Advances in Wildland Firefighting Technology

Advances in wild land firefighting technology

Wildland firefighting, much like any industry, constantly evolves with the changing times. As the technology for fighting fires improves, so too do our approaches to firefighting.

This article will review the advances in wildland firefighting technology. People who are interested in a career in wildland firefighting may be fascinated to know where the field is headed.


Thermal Imaging Advances

NASA developed thermal imaging devices to help map the patterns and direction of wildfires. The technology allows for a more simplified study of wildfires, which saves resources, time, and lives. Thermal imaging can even spot areas where there is no smoke, but where the undergrowth is still burning. These spots pose a great risk if they go unnoticed. Today, firefighters can spot hotspots using devices that plug into their smartphones.

Fire Surveillance Drones

Firefighters face a tremendous number of problems when their fires are surveyed by piloted aircrafts. For one thing, those aircrafts might not be able to fly in specific locations at night, meaning the firefighters lose valuable time when the fire may be easier to control.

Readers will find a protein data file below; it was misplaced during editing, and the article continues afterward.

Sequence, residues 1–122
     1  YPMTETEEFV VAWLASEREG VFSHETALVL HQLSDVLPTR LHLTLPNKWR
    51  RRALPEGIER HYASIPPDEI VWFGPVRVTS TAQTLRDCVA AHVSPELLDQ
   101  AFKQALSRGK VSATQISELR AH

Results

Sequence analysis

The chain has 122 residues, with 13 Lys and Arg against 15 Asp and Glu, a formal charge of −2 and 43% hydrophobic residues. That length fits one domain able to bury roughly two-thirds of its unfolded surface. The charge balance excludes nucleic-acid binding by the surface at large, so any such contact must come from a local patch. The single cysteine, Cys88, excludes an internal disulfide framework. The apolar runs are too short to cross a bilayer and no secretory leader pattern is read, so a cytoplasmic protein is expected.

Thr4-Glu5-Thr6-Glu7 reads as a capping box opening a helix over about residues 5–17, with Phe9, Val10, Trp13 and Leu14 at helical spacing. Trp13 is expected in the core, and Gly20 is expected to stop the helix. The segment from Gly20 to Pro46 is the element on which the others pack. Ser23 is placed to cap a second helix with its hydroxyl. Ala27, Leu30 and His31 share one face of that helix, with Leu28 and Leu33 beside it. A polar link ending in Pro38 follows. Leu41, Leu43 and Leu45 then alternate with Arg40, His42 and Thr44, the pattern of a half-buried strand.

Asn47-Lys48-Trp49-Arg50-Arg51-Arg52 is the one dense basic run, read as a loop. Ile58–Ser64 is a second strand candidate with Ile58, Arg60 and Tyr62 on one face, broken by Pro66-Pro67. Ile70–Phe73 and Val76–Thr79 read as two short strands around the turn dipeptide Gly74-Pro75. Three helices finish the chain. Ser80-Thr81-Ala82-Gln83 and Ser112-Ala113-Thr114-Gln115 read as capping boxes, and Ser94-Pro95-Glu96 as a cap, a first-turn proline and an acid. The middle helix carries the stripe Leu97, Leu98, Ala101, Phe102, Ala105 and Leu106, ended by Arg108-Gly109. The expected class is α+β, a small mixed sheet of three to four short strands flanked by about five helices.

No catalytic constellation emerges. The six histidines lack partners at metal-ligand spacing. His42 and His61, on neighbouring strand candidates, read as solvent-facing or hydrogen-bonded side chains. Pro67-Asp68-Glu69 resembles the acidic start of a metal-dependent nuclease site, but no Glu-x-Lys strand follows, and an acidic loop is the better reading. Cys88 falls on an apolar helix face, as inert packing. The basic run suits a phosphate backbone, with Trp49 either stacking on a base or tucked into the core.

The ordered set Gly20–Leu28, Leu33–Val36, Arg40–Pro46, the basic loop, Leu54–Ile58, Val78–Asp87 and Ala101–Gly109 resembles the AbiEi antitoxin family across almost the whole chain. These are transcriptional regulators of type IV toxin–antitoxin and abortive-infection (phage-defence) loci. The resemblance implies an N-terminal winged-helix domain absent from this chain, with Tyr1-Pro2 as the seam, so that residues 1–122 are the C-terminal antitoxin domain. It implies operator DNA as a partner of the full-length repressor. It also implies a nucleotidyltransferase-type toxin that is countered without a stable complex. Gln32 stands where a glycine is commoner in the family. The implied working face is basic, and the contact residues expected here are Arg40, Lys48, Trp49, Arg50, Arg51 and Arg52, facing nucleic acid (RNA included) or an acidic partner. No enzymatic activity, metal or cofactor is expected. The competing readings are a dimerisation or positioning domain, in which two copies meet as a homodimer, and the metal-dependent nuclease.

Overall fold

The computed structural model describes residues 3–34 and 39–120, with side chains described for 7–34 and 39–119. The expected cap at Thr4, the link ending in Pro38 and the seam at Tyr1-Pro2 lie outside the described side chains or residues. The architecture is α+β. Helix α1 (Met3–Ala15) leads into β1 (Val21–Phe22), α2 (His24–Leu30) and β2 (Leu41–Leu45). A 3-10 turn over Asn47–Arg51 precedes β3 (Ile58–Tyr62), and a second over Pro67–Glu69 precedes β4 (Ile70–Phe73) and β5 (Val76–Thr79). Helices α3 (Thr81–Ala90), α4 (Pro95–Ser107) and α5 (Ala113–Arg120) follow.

But there are ways around these problems. One of the most exciting advances in wildland firefighting technology are surveillance drones. These devices, often used by the army, are equipped with thermal and regular imaging cameras that track the fire’s behavior. Drones, however, are expensive, so they have not yet been fully adopted. As the technology advances, however, and drones become cheaper, we will likely see more drones on firefighting teams.

Virtual Reality

Virtual reality technology appears to have applications in all areas of society, and wildland firefighting is no exception. Firefighters use virtual reality to assist with training programs. Becoming a smokejumper, for instance, requires training regarding safety regulations and cargo retrieval procedures. To help create a safe environment, first-time smokejumpers sometimes take refresher courses using virtual reality simulators. The simulators are three-dimensional and have the same characteristics as an actual parachute would have in a real situation.


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